I don’t know enough about servers and proxies to understand how and why it made a difference, but I maybe this will help others who come across this same problem.
(As a side point, I wonder if the proxy was actually Fiddler’s proxy. Now, that would be ironic.)
To begin, add a new ASP.NET MVC 4 Project, and select Web API as the project template. Add a new View (or modify an existing one) to contain the following HTML.
We need to populate the dropdown with the directories on our server. Of course, we’ll use Web API for that.
Add a new Web API Controller Class to your solution and name it FilesController.cs. Add a new Action, called GetDirectories().
We’ll use jQuery to get the Response. Make sure you have your jQuery script references, and add the following jQuery code, which will loop through the directory names and add each one to the drop down.
Hit F5 to run your application. Notice the DropDown populated with the directories. If you take a look in Fiddler, you should be able to see the GetDirectories() action being hit, with the JSON string values being returned.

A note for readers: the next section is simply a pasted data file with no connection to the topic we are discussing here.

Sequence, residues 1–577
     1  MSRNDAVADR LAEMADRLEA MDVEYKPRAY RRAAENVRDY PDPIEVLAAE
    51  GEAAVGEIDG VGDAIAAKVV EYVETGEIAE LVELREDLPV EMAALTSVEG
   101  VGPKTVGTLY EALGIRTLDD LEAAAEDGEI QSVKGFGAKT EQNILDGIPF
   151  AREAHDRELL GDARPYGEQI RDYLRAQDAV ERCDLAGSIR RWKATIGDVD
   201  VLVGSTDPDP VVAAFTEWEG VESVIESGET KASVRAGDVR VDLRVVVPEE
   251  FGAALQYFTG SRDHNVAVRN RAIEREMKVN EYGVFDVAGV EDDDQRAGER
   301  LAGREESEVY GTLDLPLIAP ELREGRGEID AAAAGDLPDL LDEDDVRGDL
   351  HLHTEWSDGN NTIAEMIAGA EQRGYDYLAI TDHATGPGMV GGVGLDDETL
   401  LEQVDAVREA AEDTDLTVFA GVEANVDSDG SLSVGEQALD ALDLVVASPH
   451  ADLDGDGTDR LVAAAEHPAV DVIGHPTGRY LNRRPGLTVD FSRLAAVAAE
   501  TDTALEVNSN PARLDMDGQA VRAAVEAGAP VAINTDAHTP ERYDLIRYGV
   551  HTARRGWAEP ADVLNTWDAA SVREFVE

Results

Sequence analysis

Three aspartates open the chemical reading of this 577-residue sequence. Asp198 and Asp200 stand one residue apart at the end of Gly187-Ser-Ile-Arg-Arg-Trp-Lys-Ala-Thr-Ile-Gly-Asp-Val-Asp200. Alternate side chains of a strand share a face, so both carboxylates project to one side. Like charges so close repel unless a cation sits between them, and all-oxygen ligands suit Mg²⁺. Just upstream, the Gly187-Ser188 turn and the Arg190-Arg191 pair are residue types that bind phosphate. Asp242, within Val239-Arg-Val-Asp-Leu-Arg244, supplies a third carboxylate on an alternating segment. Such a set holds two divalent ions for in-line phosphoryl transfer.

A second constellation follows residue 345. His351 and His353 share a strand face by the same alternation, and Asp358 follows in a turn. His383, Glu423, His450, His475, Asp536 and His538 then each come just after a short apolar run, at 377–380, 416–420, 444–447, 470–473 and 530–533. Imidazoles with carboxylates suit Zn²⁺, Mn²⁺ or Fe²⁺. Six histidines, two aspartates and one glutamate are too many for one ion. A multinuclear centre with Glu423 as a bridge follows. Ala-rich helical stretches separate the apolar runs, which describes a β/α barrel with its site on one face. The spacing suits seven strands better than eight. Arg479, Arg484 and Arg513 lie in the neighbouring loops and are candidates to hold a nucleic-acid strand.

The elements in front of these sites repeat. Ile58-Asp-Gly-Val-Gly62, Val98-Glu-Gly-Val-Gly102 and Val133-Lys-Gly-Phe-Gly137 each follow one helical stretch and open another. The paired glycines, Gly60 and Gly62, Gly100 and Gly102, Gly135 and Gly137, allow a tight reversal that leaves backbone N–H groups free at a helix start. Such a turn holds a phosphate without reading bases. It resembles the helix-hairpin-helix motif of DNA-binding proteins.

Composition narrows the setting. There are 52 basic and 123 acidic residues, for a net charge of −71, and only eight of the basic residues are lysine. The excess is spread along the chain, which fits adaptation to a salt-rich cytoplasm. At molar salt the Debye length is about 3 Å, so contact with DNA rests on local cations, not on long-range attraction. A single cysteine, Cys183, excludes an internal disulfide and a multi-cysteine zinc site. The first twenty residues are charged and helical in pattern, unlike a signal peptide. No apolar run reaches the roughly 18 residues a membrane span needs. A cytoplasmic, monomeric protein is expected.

The last step is to POST the file to the Web API and save it in the selected directory as the specified file name.
It actually pays to give the user the option to rename the file, as in RC, the file is saved as a random string such as “BodyPart_10cfd996-ff7b-46e2-b0a4-dae46abbe765″. See my question on SO, to which Henrik F. Nielsen and Filip W. thankfully responded. (Follow them on twitter for great Web API info/updates.) You would want to rename the file either way with the correct extension.
Here’s the UploadFile Action, which takes in two parameters named “folder” and “newFileName” that will be coming from the URI.
To call the UploadAction, add the following jQuery button click function.